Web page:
Dealers want Saab North America placed into Chapter 11 bankruptcy
DETROIT -- A group of 41 Saab U.S. dealers today asked a U.S. Bankruptcy Court to place Saab Cars North America into Chapter 11 bankruptcy protection.
The lawyer representing Saab's U.S. dealers submitted the involuntary Chapter 11 petition in U.S. Bankruptcy Court in Wilmington, Del.
"We filed a [Chapter] 11 just in case a white knight comes out of nowhere and buys Saab's parent" and would want to reorganize the North American operations, said Leonard Bellavia, the lawyer representing 162 of Saab's 188 U.S. dealers.
The dealers last Friday had threatened to file a Chaper 7 for involuntary liquidation.
Today's petition listed individual dealer claims for unpaid warranty, incentive reimbursement and other obligations ranging from $79.11 to $167,977.98.
Parent company Saab Automobile AB filed for liquidation on Dec. 19 in a Swedish bankruptcy court.
Saab Cars North America suspended operations on that day and selected McTevia & Associates to manage the company's U.S. operations, giving it day-to-day control of the assets.
Kurt Schirm, president of the Saab Dealer Council, said dealers studied the liquidation plan set up for Saab Car North America by McTevia & Associates.
But the dealers decided an involuntary Chapter 11 bankruptcy was in their best interests.
Schirm said the bankruptcy attorney who filed the petition today, "seldom sees these third-party administration situations work out because they just don't have enforceability ... the enforceability that a court would. There is no one dictating or mandating the decision, it is all one open-ended negotiation.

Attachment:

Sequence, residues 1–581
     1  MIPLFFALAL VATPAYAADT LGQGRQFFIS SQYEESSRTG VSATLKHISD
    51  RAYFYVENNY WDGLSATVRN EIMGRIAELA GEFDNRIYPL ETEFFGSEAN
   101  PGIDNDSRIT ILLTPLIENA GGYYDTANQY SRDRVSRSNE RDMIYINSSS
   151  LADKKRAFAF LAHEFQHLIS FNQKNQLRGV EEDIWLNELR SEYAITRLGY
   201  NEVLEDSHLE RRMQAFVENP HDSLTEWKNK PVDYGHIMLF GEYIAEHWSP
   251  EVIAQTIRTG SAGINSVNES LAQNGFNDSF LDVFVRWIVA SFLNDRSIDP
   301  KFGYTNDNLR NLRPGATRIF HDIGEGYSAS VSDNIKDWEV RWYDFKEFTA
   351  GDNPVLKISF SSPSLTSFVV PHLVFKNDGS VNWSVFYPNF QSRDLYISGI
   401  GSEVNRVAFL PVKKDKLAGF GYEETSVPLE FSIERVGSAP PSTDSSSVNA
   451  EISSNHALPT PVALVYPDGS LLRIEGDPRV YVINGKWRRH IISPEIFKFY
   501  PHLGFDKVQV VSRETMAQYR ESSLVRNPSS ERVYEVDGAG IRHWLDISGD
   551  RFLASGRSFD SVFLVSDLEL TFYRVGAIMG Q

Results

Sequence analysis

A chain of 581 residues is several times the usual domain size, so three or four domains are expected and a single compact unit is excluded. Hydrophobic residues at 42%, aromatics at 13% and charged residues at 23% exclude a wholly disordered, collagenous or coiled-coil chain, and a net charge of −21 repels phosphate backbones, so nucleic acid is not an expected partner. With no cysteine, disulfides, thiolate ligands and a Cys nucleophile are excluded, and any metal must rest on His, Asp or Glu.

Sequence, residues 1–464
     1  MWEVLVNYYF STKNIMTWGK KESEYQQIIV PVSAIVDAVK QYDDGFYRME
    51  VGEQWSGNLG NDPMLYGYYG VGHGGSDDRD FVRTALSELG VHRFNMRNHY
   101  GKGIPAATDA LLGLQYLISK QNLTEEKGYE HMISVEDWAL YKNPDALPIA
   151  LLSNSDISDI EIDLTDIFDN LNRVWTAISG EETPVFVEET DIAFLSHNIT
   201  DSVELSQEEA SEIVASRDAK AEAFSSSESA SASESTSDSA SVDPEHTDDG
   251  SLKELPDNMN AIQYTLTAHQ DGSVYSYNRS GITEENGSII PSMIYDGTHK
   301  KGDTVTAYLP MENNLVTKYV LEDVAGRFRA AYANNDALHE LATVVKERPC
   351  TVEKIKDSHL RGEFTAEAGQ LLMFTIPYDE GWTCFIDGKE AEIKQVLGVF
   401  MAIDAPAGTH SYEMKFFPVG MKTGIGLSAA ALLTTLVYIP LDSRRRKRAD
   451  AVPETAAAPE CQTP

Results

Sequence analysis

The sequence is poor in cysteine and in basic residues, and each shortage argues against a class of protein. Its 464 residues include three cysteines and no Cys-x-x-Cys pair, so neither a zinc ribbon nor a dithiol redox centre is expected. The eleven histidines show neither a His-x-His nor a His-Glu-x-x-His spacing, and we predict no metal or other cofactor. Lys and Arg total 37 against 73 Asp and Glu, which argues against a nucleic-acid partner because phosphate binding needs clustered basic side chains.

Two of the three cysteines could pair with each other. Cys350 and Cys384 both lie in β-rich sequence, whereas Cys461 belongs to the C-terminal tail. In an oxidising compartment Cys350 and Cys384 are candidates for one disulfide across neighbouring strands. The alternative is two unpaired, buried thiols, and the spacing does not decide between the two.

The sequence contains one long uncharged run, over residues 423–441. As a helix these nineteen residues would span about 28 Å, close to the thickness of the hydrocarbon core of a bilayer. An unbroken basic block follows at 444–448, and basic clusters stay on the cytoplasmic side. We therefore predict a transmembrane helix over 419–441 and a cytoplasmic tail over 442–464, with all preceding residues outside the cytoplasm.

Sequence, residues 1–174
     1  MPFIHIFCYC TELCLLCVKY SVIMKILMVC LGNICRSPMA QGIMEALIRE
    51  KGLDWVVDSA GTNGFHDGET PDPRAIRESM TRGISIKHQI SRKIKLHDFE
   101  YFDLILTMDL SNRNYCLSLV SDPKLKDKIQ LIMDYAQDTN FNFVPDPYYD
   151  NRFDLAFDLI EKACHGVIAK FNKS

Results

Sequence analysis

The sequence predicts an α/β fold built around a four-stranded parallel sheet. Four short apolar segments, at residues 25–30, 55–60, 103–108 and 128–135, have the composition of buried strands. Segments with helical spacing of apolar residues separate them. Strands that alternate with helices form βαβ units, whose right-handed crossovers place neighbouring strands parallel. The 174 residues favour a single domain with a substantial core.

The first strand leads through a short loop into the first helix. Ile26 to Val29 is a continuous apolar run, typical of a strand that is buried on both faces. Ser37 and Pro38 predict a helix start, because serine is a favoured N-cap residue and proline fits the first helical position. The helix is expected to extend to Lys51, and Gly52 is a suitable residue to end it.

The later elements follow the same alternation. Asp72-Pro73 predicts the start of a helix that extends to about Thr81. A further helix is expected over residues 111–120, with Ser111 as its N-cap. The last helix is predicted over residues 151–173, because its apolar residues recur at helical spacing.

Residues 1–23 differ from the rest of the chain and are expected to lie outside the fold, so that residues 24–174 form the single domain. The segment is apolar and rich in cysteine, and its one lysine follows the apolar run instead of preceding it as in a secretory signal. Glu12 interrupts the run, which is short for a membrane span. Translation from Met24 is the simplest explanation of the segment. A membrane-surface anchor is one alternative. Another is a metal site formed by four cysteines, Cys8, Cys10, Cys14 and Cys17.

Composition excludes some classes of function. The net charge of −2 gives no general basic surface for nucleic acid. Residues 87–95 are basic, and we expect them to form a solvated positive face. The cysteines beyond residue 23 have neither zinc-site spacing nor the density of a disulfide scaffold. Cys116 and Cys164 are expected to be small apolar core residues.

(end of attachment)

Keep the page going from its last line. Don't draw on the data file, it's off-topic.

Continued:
"You could also wind up in a situation where you have multiple lawsuits filed in different courts for different reasons in different jurisdictions as opposed to having a single venue," he said.
Bellavia said the bankruptcy petition was filed in Delaware for two reasons.
"We just feel that a court further away from Detroit will be more dealer friendly," Bellavia said in a telephone interview.
He added that dealers were concerned Saab would file for bankruptcy today.
"The dealers were left with no alternative but to file and we felt they might be racing us to the courthouse so that they could get the case filed in Michigan," Bellavia said.
Second, several members of the Saab dealer council, as is the law firm representing the dealers, are located on the East Coast, "so it was a matter of convenience," he said.
Tim Colbeck, COO of Saab Cars North America, said he was not surprised by the dealers’ petition.
"Maybe the timing (of the petition) did," Colbeck said. "Overall, within the scope of what we have been doing, we anticipated that it was something that could happen."
STATEMENT FROM DEALER COUNSEL LEONARD BELLAVIA
The Chapter 11 allows Saab an opportunity to liquidate its assets, with direct supervision of the court and the dealers
In a Chapter 7, a trustee is appointed and the costs of liquidation become greater because the trustee is paid commissions, and has to hire new counsel that does not have the knowledge of Saab's current counsel, an additional substantial cost to creditors.
Because of this, we believe that since the assets are liquidating under either Chapter 11 or Chapter 7, allowing Saab to liquidate, with dealer supervision, is the most effective way of minimizing the costs of liquidating the assets.